Sunday, December 16, 2012

Bloody What?

Prior to the October Mud Run
I only got out running three times this week as opposed to the usual four.  A busy schedule combined with a couple days of crummy weather forced me to shorten the schedule, although I did buy a pair of gloves and a beanie and managed to put in a 10K on Friday even though it was chilly and windy.  That is, it was the southern California version of chilly and windy, which means it was below fifty degrees and the wind was blowin'.  Still, the hat and gloves proved useful.

Our topic this week is "Side Effects of Running."  When I started this project, I assumed that there would be an impact on my body.  I expected to pick up a few blisters (I have), sore muscles (definitely), and maybe even a twisted ankle or tweaked knee (minor, but it's happened).  What I did not expect, however, was to finish a run, remove my jacket, and discover two medium-sized blood stains on the nipple region of my shirt.  But lo and behold, after my long run last week, that's exactly what I found.

With about three miles left in that run, I noticed a dull soreness in my chest and thought that perhaps this was the beginning of a mild heart attack.  You're probably asking, as my wife did, "Now Chris.  If you were out running, and your chest started hurting, why did you not stop and call for a ride?"  Reasonable question.  I figured that a heart attack would be a sharp pain, not soreness.  So I continued on my run ignoring the potential warning sign which was the song "Hearts on Fire" playing on my iPod at the time.  Turns out it wasn't a heart attack at all.  It was nipple-chafing.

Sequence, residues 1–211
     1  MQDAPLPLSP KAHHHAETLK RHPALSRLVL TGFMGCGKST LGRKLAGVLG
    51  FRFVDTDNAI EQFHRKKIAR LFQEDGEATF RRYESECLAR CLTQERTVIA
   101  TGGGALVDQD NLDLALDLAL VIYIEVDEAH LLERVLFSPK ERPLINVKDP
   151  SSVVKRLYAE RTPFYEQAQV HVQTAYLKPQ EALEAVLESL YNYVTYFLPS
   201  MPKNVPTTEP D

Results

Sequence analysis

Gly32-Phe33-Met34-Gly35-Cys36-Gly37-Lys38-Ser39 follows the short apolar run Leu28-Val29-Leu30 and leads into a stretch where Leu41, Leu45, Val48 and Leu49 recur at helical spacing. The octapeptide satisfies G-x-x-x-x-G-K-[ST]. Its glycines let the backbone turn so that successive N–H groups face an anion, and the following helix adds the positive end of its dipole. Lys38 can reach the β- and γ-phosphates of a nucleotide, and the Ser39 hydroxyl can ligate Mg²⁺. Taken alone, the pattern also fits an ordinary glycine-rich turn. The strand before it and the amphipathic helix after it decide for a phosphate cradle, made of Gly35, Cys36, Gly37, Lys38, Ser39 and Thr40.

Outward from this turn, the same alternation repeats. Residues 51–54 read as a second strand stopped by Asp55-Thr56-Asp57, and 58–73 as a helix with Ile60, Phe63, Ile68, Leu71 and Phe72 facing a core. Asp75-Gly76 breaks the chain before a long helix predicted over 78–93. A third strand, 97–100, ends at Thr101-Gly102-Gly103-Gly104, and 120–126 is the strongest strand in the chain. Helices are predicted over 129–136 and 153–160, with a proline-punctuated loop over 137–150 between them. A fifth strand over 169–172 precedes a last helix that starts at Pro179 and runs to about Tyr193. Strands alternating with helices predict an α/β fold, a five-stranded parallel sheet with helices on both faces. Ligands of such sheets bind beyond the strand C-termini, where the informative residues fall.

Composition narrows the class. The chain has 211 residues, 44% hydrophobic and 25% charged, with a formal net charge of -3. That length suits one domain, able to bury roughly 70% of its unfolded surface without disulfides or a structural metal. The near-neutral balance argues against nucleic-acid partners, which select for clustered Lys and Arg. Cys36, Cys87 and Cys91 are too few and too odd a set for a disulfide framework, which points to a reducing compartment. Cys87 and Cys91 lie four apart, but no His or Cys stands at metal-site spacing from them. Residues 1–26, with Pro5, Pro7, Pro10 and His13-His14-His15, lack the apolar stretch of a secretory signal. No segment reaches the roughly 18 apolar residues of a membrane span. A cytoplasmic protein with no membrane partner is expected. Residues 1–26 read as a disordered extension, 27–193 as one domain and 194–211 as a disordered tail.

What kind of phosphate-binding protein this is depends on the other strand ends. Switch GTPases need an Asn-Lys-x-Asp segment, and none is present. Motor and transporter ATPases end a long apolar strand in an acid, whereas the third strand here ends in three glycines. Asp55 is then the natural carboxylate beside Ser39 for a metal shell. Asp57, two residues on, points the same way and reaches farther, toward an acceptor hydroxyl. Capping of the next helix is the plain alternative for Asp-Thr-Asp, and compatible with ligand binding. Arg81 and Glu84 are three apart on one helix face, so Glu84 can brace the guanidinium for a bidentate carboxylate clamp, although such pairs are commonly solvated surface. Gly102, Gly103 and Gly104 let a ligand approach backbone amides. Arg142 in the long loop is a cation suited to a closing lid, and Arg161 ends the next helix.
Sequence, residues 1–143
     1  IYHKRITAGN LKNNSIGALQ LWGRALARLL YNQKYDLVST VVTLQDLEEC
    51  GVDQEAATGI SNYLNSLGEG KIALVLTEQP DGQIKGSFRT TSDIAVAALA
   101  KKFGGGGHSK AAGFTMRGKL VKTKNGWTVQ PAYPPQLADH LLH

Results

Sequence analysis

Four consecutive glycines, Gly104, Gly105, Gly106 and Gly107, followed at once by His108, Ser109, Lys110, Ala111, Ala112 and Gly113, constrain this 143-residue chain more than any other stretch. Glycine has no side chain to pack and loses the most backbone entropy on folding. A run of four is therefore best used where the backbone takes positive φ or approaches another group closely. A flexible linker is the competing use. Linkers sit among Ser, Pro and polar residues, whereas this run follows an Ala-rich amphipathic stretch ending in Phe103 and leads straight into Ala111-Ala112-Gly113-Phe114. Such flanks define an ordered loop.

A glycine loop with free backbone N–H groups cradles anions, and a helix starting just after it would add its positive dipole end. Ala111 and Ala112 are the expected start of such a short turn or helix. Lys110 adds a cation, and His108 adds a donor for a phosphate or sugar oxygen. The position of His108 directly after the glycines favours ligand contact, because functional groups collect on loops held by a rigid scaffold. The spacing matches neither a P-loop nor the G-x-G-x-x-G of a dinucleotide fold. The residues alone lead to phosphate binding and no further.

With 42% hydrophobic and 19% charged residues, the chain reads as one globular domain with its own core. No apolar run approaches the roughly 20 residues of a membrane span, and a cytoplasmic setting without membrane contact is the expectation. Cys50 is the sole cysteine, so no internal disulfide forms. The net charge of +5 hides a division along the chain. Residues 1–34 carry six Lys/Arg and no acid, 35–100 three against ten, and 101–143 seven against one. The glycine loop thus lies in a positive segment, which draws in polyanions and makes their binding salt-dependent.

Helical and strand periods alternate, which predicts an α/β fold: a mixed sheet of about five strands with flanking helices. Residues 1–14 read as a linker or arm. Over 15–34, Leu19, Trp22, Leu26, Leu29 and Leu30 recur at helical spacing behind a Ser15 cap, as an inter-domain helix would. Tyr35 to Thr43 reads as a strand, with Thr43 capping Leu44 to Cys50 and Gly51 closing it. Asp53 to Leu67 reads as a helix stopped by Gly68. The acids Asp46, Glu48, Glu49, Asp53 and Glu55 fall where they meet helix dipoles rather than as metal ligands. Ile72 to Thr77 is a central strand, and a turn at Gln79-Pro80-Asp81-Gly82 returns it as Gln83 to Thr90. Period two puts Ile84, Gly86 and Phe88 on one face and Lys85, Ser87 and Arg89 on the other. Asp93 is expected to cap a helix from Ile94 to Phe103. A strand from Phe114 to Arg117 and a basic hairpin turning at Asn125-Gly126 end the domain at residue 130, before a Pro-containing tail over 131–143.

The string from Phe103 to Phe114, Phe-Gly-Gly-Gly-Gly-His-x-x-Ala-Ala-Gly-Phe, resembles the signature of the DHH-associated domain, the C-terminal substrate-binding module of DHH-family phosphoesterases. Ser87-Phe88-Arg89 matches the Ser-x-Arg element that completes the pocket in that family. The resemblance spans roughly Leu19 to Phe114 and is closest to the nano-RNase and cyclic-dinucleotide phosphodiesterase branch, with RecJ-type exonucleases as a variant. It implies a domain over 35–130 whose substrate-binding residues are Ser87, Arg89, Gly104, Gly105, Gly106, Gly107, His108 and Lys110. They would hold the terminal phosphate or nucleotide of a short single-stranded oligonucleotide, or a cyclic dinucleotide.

After seeing the bloody shirt evidence, I immediately went on-line and Googled "bloody nipples running" and here's what I found.  Be advised, this is somewhat graphic and very creepy.

Now, mine weren't nearly that bad.  But you get the idea.  As I soon discovered, chafed nipples are a fairly common occurrence in distance runners.  Fortunately, it's somewhat easy to prevent by using something called Body Glide, which comes in a stick that looks like deodorant and you just apply it to your chi-chis prior to your run.  I did that this morning, and it worked like a charm.

But wow, talk about a few minutes of the willies.  On the bright side, no blisters.

This Week's Runs:

12/11: 4.17 miles, 43:33
12/14: 6.31 miles, 1:06:13
12/16: 18.0 miles, 3:27:07

Countdown to My Next Event = 34 Days

Ontario Mills 10K
Ontario, Ca.
January 19, 2013

Countdown to the Orange County Marathon = 140 Days

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So. Cal. Gal said...

Umm...EWW! I'm glad I'm not a runner. lol!

I bought gloves recently and wear them when it rains. In the house.

It's only 70 in here.

Eva Gallant said...

I've heard of people using bandaids for the same problem.

Cheer up, weather-wise. It's snowing here in Maine.

Suldog said...

I remember the first time I saw a runner in the Boston Marathon with blood stains. I had never considered such a thing, and I found it disgusting (yet somehow noble to run through it.)

If one is not encumbered with chest hair, band-aids also work.

Cashier said...

Ewwww....I just thought of how weird that would look on someone who WASNT currently running. :-x

I used a lot of body glide (not on my nipples) when I did the Susan G. Komen walk. Worked like a charm, no chafing. :-)

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